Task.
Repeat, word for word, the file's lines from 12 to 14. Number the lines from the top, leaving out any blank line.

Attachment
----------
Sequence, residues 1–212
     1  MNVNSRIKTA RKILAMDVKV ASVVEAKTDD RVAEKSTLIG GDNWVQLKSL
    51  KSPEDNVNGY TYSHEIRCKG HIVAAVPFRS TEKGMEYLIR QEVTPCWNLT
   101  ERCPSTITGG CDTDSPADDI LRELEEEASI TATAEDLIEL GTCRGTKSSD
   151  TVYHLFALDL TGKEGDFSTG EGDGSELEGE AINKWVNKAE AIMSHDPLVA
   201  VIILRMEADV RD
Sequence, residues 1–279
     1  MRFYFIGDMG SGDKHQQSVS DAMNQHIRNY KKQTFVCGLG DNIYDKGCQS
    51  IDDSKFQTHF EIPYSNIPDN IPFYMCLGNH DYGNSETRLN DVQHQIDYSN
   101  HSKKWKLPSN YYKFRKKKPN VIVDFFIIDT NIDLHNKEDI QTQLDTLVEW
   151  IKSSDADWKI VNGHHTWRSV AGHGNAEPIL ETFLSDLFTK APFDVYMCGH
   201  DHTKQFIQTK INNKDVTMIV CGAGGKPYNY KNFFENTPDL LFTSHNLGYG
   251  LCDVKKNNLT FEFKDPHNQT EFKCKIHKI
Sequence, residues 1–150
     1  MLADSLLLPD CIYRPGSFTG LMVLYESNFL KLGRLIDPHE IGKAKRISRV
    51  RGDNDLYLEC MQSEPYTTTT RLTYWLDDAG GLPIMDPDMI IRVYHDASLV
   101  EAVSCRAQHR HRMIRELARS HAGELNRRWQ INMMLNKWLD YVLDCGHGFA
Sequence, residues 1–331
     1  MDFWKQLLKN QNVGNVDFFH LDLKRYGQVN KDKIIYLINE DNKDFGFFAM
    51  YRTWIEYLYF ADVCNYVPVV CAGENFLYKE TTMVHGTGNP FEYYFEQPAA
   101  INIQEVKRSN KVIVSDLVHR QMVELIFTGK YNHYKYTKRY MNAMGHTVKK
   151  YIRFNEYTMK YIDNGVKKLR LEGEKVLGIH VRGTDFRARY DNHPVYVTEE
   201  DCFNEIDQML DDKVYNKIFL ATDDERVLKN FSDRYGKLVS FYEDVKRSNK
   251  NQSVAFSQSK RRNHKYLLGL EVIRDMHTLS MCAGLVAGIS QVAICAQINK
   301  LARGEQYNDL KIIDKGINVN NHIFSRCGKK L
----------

   201  DHTKQFIQTK INNKDVTMIV CGAGGKPYNY KNFFENTPDL LFTSHNLGYG
   251  LCDVKKNNLT FEFKDPHNQT EFKCKIHKI
Sequence, residues 1–150